Vendors such as Microsoft and IBM have put together communication suites that include not just email, but instant messaging, social networking and collaboration tools as well. "Email is the commodity product of the suite, but the CIO needs to look at the application strategy of the entire suite," Drive said.

Find out more in "Email upgrades are more than messaging." Also:

  Email etiquette: Big savings, productivity
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Email has become one of the most important communication and collaboration tools for businesses. Email volume has doubled during the past five years to more than 40 billion person-to-person emails daily, according to Framingham, Mass.-based research firm IDC. Moreover, the volume is expected to continue to at least 18% every year for the next five years.

For the average email user, more than 30% of a given day is spent creating, organizing, reading and responding to email. This contributes to information overload, which hinders corporate productivity and competitive advantage. Thus, users are becoming more dissatisfied with mail as a productivity tool.

Spam is another issue. It comprises 20% of total email volume in organizations without proper protection in place. Although spam does not take long to process, typical users waste about 10 minutes reading and/or deleting these emails each day, costing organizations approximately $1,250 per user in lost productivity each year.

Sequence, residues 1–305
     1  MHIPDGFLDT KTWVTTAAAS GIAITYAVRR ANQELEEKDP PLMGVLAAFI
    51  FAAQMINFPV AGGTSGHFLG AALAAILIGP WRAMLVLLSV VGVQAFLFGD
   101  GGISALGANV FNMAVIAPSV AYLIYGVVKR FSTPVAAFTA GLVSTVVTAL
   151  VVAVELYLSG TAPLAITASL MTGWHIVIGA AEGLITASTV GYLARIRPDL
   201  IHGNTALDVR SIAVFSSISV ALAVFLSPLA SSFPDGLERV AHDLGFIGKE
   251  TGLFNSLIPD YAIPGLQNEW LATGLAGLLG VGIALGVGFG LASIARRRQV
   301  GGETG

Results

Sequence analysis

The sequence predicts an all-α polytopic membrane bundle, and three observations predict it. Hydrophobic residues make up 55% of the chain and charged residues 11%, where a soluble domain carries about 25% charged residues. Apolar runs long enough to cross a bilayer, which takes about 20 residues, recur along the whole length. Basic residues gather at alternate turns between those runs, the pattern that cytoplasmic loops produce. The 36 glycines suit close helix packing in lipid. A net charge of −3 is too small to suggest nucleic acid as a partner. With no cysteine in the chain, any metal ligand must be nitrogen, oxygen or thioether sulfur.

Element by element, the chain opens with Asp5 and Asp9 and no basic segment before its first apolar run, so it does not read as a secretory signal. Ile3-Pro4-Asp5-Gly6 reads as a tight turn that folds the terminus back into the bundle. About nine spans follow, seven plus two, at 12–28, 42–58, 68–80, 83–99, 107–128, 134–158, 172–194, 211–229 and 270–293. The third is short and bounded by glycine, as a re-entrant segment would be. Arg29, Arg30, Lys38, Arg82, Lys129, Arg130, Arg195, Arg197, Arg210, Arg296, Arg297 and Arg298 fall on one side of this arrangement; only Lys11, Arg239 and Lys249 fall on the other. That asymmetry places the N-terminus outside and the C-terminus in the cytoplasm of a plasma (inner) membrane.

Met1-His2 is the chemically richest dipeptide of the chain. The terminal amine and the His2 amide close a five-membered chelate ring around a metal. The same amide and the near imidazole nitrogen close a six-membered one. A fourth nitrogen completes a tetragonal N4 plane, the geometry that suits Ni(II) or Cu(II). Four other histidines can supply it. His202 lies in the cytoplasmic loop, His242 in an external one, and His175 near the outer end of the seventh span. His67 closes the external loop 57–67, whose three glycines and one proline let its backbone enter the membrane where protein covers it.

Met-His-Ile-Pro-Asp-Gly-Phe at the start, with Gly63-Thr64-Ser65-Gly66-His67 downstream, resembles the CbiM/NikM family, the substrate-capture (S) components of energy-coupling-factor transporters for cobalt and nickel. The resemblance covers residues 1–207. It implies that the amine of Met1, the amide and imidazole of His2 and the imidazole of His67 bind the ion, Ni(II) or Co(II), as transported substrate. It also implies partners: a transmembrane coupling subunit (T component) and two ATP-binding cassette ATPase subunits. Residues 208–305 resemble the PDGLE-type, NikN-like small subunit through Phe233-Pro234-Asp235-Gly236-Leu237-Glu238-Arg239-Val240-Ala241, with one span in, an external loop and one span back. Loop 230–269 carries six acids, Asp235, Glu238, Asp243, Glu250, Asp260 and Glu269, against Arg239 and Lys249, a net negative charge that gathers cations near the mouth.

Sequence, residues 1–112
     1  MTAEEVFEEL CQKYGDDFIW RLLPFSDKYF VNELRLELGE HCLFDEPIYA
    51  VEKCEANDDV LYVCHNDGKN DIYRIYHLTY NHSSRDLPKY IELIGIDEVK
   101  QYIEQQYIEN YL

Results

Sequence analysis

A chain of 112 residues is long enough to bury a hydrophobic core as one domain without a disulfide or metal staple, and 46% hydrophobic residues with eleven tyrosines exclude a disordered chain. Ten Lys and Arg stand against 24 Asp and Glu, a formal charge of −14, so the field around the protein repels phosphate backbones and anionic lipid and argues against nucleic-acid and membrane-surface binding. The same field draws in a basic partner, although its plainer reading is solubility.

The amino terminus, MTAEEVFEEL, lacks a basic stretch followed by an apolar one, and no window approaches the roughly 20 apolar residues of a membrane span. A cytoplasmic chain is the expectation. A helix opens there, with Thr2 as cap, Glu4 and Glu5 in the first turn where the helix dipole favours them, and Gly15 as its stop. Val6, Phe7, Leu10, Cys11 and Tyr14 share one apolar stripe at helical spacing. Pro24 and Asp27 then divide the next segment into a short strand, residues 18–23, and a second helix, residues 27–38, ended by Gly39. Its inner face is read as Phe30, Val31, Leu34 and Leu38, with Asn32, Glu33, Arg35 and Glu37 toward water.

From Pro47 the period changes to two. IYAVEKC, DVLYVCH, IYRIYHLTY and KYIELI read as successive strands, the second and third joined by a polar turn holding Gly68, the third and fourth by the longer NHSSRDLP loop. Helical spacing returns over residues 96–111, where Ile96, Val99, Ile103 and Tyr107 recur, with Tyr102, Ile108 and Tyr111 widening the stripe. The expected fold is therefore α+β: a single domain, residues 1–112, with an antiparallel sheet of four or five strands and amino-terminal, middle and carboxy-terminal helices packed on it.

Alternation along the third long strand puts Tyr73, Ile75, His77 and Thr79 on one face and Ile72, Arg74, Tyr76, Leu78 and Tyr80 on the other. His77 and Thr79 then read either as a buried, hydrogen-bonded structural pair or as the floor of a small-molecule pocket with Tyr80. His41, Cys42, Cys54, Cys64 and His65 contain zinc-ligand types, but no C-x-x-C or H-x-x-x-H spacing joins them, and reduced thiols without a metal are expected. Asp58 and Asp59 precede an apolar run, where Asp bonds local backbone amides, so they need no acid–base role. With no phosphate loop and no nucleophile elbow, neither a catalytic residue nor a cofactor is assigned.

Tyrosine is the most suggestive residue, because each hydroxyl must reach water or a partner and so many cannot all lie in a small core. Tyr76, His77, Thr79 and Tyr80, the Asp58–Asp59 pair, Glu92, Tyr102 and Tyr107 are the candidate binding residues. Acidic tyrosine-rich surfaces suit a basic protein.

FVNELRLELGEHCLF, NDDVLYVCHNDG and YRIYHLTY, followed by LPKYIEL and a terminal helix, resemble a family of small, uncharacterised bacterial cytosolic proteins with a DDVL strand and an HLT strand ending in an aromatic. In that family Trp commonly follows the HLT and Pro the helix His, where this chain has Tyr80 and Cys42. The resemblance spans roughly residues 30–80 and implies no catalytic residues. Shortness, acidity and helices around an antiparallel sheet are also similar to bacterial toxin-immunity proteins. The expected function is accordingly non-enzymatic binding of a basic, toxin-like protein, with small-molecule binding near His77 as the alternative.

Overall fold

Learn more in "Email etiquette policies: Big savings and productivity." Also:

  • Managing mobile computing policies
    Many organizations rely heavily on mobile workers, such as sales and technical support staff members who bring in revenue and keep customers satisfied. According to industry experts, the first step in mobile computing success is to create and maintain formal mobile policies and support.
  • Messaging techniques spawn new security policies
    Gartner IT Security Summit: As people use a growing variety of messaging programs in the workplace, companies are being forced to create new policies to minimize crossover threats.
  More resources
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This was last published in September 2007